Biden should encourage cross-strait dialogue: ex-U.S. official

12/17/2020 07:25 PM
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Kurt Campbell / CNA file photo
Kurt Campbell / CNA file photo

Washington, Dec. 16 (CNA) The incoming Joe Biden administration in the United States should play a role in promoting cross-Taiwan Strait dialogue, as maintaining peace in the region is in the best interests of all parties involved, a former U.S. official said on Wednesday.

Kurt Campbell, the top U.S. diplomat for East Asia under former President Barack Obama, made the suggestion during an online seminar in which he said that a degree of "productive and quiet dialogue" between Beijing and Taipei "is in everyone's best strategic interests."

"The ultimate responsibility of the U.S. is to maintain the credibility and the commitment to preserve peace and stability across the Taiwan Strait," he said during the seminar hosted by the Center for Strategic and International Studies (CSIS), a Washington-based think tank.

Campbell noted that doing so would mean conveying the stance that the U.S. engages Taiwan because "we are pro-Taiwan and we are not anti- China."

"It is entirely consistent to have one constructive relationship with China while also seeking a constructive relationship with Taiwan friends," he added.

Meanwhile, the ex-U.S. official, who served as assistant secretary of state for East Asian and Pacific Affairs from 2009 to 2013, said the top priority for the incoming Biden administration is to tackle the COVID-19 pandemic and focus on domestic recovery, as well as engaging more strongly with allies and friends in the Asia- Pacific and Europe.

"The biggest and most important task ahead for the Biden administration is to build a bridge, a common language between European and Asian friends," he said, adding that Taiwan has a role to play in such dialogue.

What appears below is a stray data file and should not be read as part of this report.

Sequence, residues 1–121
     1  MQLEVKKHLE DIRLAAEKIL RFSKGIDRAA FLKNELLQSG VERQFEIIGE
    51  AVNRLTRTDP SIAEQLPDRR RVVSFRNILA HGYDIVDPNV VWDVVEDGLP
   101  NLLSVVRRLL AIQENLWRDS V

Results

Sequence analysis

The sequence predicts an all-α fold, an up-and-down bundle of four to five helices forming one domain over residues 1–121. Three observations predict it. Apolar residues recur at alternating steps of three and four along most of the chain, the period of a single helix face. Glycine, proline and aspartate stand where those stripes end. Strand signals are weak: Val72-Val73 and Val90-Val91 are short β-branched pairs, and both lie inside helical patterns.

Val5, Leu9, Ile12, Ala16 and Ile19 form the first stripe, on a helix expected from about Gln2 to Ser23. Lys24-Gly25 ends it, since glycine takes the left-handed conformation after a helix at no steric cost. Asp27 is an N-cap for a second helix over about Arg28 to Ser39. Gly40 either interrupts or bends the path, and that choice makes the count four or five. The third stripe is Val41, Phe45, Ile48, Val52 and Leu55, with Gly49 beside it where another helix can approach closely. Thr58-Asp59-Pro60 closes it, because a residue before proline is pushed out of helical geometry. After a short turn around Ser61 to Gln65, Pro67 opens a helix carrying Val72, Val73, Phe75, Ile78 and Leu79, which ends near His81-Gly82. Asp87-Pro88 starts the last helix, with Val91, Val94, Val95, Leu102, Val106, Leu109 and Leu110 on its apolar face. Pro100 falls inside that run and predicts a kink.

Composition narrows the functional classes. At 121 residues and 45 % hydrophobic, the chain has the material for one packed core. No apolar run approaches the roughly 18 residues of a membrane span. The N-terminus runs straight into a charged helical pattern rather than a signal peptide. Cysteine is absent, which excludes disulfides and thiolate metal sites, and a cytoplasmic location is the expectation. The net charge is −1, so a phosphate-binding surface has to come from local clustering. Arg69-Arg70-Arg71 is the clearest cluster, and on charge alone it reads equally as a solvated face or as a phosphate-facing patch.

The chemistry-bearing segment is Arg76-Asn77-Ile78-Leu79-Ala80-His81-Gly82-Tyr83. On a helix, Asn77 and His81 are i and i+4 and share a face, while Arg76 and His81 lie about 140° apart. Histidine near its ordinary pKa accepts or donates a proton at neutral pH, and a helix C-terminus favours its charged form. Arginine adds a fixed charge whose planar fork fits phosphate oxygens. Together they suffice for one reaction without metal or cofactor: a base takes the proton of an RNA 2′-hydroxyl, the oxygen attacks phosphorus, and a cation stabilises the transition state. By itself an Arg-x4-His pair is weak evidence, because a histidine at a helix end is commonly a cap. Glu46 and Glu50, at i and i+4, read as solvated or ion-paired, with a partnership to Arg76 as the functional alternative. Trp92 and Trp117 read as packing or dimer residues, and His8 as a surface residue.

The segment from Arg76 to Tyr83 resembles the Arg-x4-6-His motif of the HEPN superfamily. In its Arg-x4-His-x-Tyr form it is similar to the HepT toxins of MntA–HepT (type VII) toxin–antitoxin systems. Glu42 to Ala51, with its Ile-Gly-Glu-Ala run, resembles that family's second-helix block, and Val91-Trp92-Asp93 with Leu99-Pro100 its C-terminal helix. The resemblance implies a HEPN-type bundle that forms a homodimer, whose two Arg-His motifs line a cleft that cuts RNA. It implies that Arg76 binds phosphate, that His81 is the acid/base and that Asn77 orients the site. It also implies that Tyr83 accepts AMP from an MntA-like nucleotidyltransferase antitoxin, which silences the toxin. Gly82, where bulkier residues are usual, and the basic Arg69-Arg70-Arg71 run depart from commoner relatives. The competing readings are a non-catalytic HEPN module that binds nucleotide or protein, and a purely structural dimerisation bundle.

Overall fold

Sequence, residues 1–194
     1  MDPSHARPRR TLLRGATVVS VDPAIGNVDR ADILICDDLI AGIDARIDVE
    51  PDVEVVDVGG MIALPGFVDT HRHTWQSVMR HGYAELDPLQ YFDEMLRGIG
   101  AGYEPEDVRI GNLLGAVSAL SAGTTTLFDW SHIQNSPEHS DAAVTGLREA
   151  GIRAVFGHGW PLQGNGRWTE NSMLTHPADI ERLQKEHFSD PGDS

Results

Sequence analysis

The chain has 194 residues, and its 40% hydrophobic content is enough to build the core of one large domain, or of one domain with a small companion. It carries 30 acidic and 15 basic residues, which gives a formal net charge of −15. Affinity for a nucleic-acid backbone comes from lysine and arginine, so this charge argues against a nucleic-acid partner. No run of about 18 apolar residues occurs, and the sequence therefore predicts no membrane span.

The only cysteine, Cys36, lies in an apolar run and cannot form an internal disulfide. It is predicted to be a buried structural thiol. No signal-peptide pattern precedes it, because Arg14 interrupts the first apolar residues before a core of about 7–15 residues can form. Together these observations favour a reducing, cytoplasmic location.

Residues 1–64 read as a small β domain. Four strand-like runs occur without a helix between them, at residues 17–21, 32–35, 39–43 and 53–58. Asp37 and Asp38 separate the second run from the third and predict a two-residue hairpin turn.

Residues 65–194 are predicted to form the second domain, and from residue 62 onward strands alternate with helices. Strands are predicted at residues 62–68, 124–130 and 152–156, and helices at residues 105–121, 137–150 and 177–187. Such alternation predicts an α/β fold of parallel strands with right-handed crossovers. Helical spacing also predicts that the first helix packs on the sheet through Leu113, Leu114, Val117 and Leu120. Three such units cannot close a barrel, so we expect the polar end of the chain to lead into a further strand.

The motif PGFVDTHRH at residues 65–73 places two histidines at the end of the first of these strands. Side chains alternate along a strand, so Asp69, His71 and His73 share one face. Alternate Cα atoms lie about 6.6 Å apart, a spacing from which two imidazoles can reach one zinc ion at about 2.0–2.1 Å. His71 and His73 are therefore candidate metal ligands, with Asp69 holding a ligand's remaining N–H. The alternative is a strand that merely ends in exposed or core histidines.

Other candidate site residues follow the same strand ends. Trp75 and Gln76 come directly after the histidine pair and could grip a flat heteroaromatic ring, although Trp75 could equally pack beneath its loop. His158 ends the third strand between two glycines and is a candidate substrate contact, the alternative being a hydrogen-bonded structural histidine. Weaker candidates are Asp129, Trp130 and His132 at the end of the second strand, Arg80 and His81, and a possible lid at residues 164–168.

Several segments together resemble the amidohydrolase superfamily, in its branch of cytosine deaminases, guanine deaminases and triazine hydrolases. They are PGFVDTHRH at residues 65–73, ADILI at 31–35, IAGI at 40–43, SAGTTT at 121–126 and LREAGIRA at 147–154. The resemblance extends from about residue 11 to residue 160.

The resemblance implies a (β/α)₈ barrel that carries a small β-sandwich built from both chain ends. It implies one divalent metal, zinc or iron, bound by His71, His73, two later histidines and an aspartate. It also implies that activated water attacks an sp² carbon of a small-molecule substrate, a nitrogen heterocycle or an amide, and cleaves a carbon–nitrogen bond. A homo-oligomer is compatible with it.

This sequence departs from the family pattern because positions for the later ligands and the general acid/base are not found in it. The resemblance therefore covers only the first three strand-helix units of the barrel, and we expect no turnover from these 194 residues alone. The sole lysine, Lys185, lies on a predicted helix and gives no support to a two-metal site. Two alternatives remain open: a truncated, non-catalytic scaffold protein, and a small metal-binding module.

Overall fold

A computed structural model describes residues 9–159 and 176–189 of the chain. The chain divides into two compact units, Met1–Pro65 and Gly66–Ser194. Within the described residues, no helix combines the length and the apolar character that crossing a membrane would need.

Aside from reassuring U.S. commitment toward Taiwan under the Taiwan Relations Act (TRA) and the Six Assurances to provide arms to help defend itself, Biden should also expand engagement between the U.S. and Taiwan in areas such as economic, trade, education and people-to-people ties, he said.

The seminar in which Campbell spoke was titled "Taiwan and the Next U.S. Administration: New Potentials and Opportunities for U.S.-Taiwan Relations."

Asked to give advice to the incoming U.S. administration in terms of Washington-Beijing-Taipei relations, Bonnie Glaser, director of CSIS's China Power Project, said the Biden government can take three steps -- a public statement, a policy action and a private message.

Biden could issue an early statement to assure Taiwan about U.S. commitment under the TRA. This statement would assure all parties involved that the U.S.' long-standing policy has not changed and that Washington has strong interest in preserving stability across the Taiwan Strait, she said.

In terms of policy action, the U.S. should resume the TIFA framework with Taiwan, the top-level economic and trade talk platform between the two sides, that has not being held during the entire Donald Trump administration, to provide an opportunity to talk about bilateral trade issues, and "maybe even begin to write the chapters of what could eventually become a bilateral trade agreement between the U.S. and Taiwan," she suggested.

Last but not least, Biden should send a private message to China "to signal to Beijing that the onus is on China to lower the temperature in issues pertaining to Taiwan."

The message was basically telling Beijing that "the ball is in your court, you need to stop operating your Air Force and Navy so close to Taiwan, engaging in this harassment and intimidating tactics," she said.

If Beijing responds positively to the message, then the U.S. can try to find ways to create a more predictable relationship between the U.S., China and Taiwan, according to Glaser.

(By Chiang Chin-yeh and Joseph Yeh)

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